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July 28, 2022 5 min read

This Is How Your Sex Life Is Affected By Stress  

From losing interest, adopting unhealthy habits, and diminishing self-confidence to how it affects communication, stress can mess up your sex life, to mention a few factors. Stress can be a big issue in the bedroom and cause long-term problems to your sex life.

The feeling of emotional or physical tension is referred to as stress. Stress can originate from thoughts or events that give you feelings of frustration, nervousness, or anger. Stress can be said to be the body's counter-reaction to demand or challenge. Any excess work can lead to stress which directly changes how your body perceives and reacts to things, the flight or fight response. With this response, you will likely experience an increase in heart rate, breathing rate, and blood pressure. Stress, however, is good as it can help you meet a deadline or avoid danger. Stress can still affect certain aspects of your life, like sex. Herein is how your sex life is affected by stress.

Lose Interest In Sex     

You can testify that the last thing you want to do when stressed out is have sex. More often than not, stress can make us feel light-headed. This poses as a distraction to the want to have sex or being mentally and emotionally present during sex. In turn, all this causes one to disconnect from their partner. Loss of interest in sex can greatly affect your life as your partner will feel ignored or less important. According to Goldstein et al. (2010), stress also greatly impacts your mood, leading to anxiety and depression. Montejo, Montejo & Baldwin (2018) illustrated that anxiety and depression directly impact sex, leading to low libido or sex drive. Stress can increase the production of Cortisol, a hormone in the body that suppresses the sex hormones, generating a lower libido.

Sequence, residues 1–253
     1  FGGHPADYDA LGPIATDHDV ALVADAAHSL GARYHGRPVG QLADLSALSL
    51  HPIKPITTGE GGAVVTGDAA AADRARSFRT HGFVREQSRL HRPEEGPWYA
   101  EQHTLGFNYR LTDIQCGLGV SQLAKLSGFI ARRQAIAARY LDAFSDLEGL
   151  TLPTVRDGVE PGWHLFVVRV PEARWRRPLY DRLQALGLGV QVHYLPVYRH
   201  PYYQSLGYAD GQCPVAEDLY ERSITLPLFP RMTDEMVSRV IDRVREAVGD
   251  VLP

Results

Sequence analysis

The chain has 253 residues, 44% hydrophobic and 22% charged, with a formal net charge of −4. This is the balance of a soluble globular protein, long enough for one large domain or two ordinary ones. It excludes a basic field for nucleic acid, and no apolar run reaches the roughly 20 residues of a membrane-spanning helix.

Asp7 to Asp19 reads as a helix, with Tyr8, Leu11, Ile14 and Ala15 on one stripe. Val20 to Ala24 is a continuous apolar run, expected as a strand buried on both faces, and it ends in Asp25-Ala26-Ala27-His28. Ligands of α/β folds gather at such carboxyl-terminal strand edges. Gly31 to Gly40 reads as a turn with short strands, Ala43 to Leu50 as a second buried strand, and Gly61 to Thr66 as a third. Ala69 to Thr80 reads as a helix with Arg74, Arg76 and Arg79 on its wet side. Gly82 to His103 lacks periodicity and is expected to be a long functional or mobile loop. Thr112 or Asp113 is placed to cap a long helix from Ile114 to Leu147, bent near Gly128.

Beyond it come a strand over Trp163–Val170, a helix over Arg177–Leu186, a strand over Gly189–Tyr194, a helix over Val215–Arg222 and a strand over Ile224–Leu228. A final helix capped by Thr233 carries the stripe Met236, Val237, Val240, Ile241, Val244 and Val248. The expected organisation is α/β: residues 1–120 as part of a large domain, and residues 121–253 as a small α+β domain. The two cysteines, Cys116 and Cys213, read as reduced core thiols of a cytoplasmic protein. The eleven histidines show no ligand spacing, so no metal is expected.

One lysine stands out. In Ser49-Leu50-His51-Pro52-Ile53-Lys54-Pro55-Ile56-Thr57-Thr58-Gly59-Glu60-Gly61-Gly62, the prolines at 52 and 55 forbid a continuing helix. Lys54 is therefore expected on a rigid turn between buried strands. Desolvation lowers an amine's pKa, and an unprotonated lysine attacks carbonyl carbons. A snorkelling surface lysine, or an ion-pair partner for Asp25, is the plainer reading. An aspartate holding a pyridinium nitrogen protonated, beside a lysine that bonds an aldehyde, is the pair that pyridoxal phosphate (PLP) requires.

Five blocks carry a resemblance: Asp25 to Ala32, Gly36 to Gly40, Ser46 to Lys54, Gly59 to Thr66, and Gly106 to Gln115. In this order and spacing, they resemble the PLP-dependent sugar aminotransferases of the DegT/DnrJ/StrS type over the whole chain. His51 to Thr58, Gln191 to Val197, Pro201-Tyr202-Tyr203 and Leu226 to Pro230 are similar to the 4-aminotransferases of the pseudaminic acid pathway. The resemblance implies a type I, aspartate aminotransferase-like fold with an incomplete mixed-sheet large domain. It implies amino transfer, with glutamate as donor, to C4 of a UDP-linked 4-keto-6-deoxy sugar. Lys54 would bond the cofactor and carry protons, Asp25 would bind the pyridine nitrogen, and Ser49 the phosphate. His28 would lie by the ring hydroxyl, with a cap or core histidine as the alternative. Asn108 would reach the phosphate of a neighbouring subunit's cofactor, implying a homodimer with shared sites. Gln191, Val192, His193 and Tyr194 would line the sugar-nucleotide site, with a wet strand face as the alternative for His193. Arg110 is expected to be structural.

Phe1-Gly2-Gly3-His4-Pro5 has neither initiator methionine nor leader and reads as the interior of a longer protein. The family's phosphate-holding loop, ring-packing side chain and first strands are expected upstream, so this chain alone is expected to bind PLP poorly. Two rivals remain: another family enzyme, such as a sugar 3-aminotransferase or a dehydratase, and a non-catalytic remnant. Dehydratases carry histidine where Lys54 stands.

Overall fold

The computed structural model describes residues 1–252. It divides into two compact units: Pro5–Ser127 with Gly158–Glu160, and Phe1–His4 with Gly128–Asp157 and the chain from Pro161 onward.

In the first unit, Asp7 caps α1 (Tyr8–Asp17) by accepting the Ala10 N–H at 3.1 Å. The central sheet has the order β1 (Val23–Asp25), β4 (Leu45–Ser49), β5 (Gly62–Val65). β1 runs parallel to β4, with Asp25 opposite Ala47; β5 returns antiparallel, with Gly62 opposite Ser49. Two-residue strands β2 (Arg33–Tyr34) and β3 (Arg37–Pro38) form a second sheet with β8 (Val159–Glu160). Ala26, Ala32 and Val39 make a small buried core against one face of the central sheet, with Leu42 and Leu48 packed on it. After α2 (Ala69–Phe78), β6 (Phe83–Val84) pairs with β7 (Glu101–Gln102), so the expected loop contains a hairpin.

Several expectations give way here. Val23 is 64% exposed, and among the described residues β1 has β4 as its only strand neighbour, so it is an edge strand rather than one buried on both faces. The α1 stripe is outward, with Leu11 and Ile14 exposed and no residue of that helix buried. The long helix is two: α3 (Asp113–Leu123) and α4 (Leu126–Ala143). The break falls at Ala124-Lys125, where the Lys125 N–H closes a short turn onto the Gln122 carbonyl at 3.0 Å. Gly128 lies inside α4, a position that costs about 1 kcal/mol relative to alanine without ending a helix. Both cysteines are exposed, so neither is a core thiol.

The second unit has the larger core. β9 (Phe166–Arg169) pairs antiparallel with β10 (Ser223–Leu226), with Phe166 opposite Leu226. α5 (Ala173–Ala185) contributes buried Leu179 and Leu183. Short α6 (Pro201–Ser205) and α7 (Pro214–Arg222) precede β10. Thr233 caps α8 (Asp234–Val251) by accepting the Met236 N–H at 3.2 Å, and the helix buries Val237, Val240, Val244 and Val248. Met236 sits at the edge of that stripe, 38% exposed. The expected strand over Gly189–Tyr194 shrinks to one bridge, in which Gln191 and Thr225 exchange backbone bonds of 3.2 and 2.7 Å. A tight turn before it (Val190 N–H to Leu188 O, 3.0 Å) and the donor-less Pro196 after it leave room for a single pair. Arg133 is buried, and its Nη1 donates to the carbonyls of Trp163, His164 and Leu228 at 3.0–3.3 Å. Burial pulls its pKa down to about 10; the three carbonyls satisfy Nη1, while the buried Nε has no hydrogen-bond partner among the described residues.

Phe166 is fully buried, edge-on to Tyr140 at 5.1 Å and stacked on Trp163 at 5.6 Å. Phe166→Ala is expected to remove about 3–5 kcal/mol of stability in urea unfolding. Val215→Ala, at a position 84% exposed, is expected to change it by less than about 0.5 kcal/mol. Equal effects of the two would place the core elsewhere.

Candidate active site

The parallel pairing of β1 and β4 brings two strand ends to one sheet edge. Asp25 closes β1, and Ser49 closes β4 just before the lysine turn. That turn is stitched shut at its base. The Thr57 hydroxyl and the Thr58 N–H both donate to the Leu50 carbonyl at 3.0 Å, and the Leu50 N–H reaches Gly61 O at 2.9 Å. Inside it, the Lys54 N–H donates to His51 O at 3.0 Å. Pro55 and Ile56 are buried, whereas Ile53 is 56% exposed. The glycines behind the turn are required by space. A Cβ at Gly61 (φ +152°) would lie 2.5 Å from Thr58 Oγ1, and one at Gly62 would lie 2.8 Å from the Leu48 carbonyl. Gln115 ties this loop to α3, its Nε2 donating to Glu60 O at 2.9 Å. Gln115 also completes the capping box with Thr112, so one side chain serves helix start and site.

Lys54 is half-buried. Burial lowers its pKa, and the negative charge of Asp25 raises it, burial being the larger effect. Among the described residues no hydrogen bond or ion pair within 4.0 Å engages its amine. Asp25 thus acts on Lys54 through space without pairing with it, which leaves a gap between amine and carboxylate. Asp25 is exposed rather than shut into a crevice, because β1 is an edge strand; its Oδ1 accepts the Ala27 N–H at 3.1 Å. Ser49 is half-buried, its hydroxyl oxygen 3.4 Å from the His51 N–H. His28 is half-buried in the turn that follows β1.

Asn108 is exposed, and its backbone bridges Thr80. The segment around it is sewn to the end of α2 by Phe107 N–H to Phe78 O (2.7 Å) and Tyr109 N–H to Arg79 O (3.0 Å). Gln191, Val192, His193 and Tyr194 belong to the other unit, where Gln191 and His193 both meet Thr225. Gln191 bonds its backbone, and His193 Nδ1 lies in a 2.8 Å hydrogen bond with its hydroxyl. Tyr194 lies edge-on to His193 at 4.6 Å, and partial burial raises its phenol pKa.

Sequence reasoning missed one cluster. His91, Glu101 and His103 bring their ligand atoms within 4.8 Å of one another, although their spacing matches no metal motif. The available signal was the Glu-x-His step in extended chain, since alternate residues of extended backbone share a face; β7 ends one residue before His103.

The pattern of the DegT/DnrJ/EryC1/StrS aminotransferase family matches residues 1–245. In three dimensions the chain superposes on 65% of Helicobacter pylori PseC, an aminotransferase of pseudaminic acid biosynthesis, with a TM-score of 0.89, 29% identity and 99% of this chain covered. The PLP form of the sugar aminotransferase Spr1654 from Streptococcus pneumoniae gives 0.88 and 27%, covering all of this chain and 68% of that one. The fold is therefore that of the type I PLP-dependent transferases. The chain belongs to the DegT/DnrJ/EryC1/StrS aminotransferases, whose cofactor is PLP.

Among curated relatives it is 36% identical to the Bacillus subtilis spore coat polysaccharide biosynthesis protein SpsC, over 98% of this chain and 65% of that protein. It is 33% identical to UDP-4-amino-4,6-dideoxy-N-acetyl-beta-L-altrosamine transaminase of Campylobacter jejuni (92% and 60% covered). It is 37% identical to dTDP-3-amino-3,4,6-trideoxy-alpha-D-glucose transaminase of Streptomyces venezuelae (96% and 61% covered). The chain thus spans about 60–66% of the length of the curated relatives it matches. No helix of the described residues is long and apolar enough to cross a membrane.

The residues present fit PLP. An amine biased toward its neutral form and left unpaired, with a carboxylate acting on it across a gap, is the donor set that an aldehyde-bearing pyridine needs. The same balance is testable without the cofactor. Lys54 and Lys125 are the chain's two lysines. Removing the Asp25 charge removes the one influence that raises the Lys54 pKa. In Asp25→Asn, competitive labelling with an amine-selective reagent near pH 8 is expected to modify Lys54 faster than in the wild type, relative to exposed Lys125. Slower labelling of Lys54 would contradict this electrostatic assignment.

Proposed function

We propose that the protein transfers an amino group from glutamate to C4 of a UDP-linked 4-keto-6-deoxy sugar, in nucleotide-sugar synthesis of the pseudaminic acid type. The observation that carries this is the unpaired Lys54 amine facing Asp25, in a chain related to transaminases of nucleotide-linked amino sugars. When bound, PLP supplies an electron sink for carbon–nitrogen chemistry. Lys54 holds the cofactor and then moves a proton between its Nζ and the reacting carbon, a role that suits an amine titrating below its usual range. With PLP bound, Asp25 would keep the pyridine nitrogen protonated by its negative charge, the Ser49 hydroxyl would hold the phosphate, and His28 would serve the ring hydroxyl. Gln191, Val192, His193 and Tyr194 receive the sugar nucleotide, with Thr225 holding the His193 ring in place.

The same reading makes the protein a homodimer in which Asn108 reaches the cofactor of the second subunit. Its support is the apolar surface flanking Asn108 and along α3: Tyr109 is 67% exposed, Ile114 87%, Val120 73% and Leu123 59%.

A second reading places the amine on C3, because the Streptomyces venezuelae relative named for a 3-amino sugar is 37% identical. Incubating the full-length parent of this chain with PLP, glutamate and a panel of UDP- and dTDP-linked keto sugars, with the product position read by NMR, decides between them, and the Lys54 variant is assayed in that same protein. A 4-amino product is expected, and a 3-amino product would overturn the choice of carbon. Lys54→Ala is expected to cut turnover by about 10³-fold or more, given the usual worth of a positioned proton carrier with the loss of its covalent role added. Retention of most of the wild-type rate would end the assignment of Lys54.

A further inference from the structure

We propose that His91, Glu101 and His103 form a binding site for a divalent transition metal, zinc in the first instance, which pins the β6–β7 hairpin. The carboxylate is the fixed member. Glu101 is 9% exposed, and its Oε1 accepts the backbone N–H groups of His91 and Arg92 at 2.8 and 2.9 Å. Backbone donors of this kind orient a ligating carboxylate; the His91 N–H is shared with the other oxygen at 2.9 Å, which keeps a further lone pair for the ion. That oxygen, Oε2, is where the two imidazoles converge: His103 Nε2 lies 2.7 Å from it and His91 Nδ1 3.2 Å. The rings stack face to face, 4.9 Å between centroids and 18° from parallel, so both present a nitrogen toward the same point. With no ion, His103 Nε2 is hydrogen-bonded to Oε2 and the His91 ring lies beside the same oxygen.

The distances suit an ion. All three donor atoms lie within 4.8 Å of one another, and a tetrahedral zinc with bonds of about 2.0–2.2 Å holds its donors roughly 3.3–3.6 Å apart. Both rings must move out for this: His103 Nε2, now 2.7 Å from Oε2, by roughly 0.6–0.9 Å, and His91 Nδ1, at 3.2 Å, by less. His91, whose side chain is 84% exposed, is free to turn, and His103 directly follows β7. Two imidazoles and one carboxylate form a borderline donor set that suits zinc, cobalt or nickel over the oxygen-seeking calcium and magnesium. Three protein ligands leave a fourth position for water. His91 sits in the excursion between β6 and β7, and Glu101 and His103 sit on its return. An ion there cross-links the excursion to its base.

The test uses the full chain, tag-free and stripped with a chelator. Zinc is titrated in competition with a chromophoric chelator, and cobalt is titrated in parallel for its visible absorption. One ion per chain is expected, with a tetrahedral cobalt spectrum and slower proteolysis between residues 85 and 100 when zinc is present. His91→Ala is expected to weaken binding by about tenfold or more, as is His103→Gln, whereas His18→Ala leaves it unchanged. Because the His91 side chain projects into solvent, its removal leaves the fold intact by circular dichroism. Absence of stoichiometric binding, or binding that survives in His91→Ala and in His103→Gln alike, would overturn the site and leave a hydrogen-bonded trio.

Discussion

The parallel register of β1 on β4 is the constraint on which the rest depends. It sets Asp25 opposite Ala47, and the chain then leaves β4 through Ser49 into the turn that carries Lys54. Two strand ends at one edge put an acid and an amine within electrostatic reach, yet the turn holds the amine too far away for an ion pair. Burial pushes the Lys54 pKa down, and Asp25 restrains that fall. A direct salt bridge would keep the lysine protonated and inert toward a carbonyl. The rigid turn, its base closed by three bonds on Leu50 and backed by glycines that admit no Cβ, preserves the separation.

Adoption Of Unhealthy Habits

The way people deal with stress differs. In the course of finding instant solutions to deal with stress, some may adopt healthy habits while others may be unhealthy. Healthy habits include going to bed early or calling a friend to help you cope with stress. According to Pampel, Krueger & Denney (2010), stress can also lead you to adopt unhealthy habits such as smoking and drinking, which too may affect your sex life. As a man, drinking and smoking can lead to the "whisky dick" or erectile dysfunction and premature ejaculation. These habits may also change how you see yourself and lead to inactiveness even in bed. This will, in turn, be a barrier to healthy sex life.

Lack Of Feel-Good Hormones  

According to Locci & Pinna (2017), feelings and emotions are hormone-induced; some hormones are produced when we do things that make us feel happy. These hormones are dopamine and oxytocin. This also applies in sex, whereby during healthy and rather satisfying sex, you are likely to produce these hormones that will be evident in your general mood. Stress, in this case, will undermine the production of these hormones as it makes us more distracted and absent, leading to more boring and unsatisfactory sex. Research has proven that healthy sex life can lead to an increase in work efficiency and productivity.

Diminishes Self-Confidence      

Stress negatively affects self-esteem. Take, for instance, the example of a workplace; when one is appreciated at work after a job well done, that will positively impact their self-confidence. On coming home, they might feel happier and more accomplished, which will also positively affect their performance in the bedroom.